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Gaming Guru

Howard Stutz

Moody's believes states will be first to legalize online poker

29 April 2011

LAS VEGAS, Nevada -- A Wall Street ratings service believes the recent government crackdown on Internet poker could open the door for individual states to grab a piece of the action by legalizing the activity within their borders.

Analysts for Moody's Investors Service said in a report Wednesday there is still a chance online poker will be legalized federally in the United States, but it will take several years before the first wager is accepted.

Moody's also told investors online gambling was not a threat to land-based casinos.

The report comes in the wake of the U.S. Department of Justice's shutdown on April 15 of PokerStars, Full Tilt Poker and Absolute Poker. Federal prosecutors charged 11 individuals, including the websites' founders, with fraud and money laundering.

Peggy Holloway, a vice president with Moody's, said the government crackdown halted federal attempts to legalize Internet gambling.

"However, we believe states may view this as an opportunity and step up their efforts to legalize intrastate online gambling, particularly Internet poker, on their own," Holloway said.

Online poker is estimated to be a $4 billion-to-$6 billion-a-year business. Moody's said the casino industry views the activity as a way to grow its customer base by attracting younger gamblers.

If states were to get into the action, casino companies could benefit.

Moody's suggested that Caesars Entertainment Corp., which operates the World Series of Poker, "would have the upper hand" because of the well-known brand. Caesars is already in partnership with British online gaming company 888 on World Series of Poker Internet gaming sites in England, Italy and France.

On Tuesday, Caesars Chief Executive Officer Gary Loveman wrote in an opinion piece for that the legal actions against the online poker websites could lead to legalization and regulation of the activity.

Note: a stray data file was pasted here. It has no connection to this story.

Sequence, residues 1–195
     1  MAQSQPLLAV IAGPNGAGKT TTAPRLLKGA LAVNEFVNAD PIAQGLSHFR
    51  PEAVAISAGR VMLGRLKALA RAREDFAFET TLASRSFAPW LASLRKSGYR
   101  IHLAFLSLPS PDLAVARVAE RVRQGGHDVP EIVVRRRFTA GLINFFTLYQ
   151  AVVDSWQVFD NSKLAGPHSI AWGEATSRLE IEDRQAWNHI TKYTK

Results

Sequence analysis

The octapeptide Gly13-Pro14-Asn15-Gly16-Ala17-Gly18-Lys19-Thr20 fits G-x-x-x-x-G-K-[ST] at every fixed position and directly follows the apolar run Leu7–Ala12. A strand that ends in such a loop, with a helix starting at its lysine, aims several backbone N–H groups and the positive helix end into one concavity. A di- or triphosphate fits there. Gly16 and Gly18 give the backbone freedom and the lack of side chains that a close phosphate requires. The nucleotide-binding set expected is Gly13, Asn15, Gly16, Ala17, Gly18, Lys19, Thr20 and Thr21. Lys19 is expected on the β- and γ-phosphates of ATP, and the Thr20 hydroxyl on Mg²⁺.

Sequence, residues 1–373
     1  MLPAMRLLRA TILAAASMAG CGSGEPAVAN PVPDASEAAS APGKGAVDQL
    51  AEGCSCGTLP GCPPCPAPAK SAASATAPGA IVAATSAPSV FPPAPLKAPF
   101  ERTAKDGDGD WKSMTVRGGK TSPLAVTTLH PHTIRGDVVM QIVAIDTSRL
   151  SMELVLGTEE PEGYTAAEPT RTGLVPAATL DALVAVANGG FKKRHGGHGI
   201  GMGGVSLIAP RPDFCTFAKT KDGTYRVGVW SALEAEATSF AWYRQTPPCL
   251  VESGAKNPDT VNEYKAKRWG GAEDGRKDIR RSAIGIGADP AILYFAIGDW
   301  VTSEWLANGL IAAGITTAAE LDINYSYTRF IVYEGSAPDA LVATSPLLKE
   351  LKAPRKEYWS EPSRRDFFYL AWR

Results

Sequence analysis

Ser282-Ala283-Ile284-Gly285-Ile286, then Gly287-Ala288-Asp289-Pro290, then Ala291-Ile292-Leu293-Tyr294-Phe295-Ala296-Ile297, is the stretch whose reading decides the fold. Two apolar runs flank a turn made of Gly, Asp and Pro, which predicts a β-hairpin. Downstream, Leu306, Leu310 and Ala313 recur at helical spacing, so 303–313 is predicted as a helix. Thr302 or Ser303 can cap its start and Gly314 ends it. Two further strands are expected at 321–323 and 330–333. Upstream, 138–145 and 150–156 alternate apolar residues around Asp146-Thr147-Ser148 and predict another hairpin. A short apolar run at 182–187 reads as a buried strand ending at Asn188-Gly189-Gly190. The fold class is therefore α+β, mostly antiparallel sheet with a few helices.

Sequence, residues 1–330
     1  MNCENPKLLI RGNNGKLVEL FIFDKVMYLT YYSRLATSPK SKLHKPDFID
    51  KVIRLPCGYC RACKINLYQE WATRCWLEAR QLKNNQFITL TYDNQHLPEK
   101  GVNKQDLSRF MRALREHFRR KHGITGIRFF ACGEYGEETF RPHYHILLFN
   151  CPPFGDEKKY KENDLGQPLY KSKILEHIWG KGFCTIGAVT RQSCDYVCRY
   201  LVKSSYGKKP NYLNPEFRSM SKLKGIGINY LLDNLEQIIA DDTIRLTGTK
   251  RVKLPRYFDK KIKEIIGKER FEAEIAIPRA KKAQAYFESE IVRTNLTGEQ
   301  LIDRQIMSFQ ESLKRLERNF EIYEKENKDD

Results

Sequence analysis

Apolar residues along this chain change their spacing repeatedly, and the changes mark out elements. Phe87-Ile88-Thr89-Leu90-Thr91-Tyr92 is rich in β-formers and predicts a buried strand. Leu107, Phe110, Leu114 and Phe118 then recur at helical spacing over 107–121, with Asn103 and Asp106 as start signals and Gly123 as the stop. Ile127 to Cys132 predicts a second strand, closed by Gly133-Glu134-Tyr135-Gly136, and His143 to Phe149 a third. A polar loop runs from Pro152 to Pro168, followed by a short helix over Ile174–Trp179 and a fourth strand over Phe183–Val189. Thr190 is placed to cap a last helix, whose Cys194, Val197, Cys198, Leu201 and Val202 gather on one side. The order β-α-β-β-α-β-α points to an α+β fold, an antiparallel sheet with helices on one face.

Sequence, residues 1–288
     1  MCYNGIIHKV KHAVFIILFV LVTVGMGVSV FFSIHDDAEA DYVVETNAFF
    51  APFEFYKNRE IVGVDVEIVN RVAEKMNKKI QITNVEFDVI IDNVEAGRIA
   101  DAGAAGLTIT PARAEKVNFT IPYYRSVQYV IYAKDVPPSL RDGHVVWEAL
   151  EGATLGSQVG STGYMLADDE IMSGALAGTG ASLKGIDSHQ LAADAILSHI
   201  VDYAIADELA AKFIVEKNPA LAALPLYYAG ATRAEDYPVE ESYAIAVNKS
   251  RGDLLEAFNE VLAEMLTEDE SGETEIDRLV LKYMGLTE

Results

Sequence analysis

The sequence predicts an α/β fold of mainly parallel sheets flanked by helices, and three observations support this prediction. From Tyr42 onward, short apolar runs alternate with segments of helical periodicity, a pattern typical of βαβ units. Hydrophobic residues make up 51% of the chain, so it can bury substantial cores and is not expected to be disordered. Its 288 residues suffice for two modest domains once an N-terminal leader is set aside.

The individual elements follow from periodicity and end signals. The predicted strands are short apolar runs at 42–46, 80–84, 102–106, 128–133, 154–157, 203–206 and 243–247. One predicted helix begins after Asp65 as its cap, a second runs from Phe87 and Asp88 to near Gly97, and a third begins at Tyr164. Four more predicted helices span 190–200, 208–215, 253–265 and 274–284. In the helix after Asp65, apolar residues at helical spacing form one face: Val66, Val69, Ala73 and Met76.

Loveman said the shutdowns won't change the desire of millions of Americans to play online poker.

"Instead, the question is this: Should we seize the moment to legalize online poker, permit a safe and legitimate industry in the U.S., and bring these jobs and revenues home?" Loveman said. "Unequivocally, the answer is yes."

Holloway told Moody's clients legalizing and implementing online gaming was an uphill battle.

"Some politicians oppose it, some states have laws prohibiting it, regulators are concerned about monitoring it, and the Department of Justice has taken a hard line," Holloway said. "However, there appears to be enough ambiguities in the federal law that many legislators and casino operators are convinced that online gambling legislation can be successfully implemented."

With many states trying to close large budget deficits, tax revenues from legalized gambling may be too lucrative to ignore, according to Moody's.

Nevada lawmakers are still considering Assembly Bill 258, which was backed by PokerStars. The bill was originally written to authorize Internet poker in the state. Since the indictments, the bill was watered down to say Internet poker can only be legalized in Nevada once the activity gains federal approval.

"Many cash-strapped states see it as an opportunity for new revenue streams and have proposed legislation," Holloway said.
Moody's believes states will be first to legalize online poker is republished from